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Volume 3, Pages 1363-1369
Research Article

Early Discharge after Delivery. A Study of Safety and Risk Factors

TEREM-Immediate Medical Services, Jerusalem, Macabi Health Services, Shaalvim, Israel

Academic Editor: Joav Merrick

Copyright © 2003 Deena R. Zimmerman et al.


The increased frequency of early discharge of newborns has led to questions of its safety. Most studies have looked at mortality and rehospitalization, not all missed diagnoses. The purpose of this study was to determine diagnoses in newborn infants that would have been missed if the infant had been discharged in <24 h. The design was a cohort study at Rabin Medical Center-Beilinson Campus (average monthly deliveries 1996 [250], 1997 [500]), a university-affiliated community hospital with all in-born term (≥37 weeks) infants born September through November 1996 and June 1997.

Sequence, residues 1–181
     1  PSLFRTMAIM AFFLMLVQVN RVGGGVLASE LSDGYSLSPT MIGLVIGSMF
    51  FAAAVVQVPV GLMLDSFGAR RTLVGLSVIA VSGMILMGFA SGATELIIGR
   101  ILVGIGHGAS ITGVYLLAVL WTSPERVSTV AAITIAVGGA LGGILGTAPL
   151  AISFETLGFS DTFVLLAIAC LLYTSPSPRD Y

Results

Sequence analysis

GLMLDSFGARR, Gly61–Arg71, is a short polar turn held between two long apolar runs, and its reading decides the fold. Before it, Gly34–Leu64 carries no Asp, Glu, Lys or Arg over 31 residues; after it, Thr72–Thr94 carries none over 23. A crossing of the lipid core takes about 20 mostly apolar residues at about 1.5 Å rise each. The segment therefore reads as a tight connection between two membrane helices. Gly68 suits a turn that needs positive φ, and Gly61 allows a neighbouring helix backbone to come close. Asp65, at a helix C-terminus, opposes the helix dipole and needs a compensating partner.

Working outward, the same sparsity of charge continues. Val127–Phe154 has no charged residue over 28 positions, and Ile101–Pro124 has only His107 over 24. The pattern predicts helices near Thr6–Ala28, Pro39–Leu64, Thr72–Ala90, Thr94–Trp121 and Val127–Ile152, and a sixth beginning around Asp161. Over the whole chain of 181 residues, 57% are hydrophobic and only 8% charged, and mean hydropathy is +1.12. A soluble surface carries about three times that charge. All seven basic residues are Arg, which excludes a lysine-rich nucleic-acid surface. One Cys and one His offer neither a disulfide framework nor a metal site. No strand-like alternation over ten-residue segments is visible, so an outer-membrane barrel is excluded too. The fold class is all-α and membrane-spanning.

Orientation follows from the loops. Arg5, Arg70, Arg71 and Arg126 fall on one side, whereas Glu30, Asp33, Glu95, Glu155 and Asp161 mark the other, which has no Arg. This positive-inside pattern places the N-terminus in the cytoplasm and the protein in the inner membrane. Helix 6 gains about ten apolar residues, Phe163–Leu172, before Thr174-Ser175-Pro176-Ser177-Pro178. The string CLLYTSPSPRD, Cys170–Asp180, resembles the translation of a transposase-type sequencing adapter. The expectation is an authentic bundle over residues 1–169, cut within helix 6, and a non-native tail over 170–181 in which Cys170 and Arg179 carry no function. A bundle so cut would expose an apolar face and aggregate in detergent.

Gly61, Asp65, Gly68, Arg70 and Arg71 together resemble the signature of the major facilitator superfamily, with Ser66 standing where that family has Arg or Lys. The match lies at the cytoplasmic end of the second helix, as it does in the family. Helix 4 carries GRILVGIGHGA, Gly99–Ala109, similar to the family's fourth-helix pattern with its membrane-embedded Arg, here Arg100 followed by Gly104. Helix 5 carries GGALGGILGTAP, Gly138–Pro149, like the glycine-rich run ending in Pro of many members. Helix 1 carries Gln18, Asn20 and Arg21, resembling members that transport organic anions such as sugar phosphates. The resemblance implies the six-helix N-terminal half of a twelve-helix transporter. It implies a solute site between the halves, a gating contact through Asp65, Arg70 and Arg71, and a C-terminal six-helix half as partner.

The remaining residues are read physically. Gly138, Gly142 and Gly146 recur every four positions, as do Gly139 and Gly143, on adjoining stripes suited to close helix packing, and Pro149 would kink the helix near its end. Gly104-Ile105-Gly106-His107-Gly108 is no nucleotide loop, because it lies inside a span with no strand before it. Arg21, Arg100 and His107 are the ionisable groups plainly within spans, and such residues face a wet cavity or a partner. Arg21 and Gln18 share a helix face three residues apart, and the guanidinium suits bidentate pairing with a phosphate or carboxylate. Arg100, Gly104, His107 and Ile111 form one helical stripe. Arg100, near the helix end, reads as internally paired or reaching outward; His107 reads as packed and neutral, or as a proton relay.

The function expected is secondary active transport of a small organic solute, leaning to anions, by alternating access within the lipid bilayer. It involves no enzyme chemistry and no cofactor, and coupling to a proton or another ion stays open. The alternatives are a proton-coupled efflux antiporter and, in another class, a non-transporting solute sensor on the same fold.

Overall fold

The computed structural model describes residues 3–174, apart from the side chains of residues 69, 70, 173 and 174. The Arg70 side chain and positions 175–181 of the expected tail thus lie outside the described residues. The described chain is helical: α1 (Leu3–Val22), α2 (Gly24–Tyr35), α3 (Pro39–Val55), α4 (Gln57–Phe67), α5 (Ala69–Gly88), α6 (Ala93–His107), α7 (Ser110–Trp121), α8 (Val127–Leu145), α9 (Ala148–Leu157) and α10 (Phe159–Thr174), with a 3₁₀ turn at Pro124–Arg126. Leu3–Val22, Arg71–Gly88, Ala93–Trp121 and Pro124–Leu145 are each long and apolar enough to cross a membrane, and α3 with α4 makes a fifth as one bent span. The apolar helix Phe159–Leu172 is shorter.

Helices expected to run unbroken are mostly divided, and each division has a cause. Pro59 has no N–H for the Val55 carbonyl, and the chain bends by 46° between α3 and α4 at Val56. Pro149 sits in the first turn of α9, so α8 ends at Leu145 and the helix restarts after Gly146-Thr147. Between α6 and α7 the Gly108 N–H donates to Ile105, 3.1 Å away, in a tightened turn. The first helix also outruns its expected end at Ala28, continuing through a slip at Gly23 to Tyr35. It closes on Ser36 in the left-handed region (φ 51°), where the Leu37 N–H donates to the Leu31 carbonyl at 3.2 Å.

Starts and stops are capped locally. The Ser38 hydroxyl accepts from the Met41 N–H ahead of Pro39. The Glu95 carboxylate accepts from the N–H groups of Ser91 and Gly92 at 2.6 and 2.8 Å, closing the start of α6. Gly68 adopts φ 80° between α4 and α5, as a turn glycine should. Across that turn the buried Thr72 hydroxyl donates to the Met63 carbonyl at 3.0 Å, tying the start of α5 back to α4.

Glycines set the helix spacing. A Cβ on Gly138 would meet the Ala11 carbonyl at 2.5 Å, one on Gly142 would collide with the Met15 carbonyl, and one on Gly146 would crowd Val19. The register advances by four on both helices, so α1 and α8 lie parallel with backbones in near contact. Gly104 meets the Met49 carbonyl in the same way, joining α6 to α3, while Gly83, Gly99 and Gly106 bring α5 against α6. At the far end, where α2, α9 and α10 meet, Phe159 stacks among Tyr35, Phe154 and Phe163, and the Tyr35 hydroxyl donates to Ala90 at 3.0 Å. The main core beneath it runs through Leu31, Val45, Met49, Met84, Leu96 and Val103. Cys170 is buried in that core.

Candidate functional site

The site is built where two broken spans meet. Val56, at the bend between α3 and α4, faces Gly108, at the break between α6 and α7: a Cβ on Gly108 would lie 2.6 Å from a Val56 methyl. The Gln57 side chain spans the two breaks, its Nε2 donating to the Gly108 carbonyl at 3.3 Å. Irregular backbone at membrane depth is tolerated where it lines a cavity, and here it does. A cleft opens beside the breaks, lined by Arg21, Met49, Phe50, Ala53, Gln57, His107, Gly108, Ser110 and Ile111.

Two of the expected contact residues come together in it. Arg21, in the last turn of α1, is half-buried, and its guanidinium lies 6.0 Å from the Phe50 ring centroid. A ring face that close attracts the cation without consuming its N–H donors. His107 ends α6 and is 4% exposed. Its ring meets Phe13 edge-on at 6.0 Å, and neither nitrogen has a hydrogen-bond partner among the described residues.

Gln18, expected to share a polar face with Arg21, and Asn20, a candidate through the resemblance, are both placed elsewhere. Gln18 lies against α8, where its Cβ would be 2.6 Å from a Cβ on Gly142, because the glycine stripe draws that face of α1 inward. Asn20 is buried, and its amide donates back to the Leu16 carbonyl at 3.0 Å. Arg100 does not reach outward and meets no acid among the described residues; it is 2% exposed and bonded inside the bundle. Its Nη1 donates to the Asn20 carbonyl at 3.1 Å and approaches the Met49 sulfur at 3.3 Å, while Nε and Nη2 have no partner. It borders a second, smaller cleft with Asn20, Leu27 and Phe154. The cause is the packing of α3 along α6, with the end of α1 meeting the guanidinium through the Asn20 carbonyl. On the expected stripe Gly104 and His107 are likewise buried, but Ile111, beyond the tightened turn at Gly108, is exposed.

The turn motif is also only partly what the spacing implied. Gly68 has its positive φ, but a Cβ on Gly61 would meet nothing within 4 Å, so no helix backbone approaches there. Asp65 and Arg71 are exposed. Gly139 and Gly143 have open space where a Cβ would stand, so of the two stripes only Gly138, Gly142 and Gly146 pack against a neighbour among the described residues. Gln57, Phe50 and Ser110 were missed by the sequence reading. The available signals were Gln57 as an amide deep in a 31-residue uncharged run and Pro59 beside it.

The main outcome measures were medical diagnoses (except trivial physical descriptions) noted at discharge (generally at ≥48 h) exam, not noted on admission exam (<24 h).

The results showed that 54 infants (5.1%) had diagnoses that were not detected before the infant was 24 h of age. The leading diagnosis was hyperbilirubinemia. Other potentially missed diagnoses included congenital heart disease (n = 10), morbidity of birth trauma (n = 9), metabolic disturbances (n = 2), hip dislocation (n = 1), suspected sepsis (n = 2), excessive weight loss (n = 2), polycythemia (n = 2), inguinal hernia (n = 1), and abducens paresis (n = 1).

It is concluded that diagnoses can be missed by discharging infants in 24 h or less. These diagnoses have the potential for adverse sequela. Even if early discharge is felt to be cost effective, parents should be counseled that it is not risk free. Better mechanisms should be put in place for assuring the safety of such infants.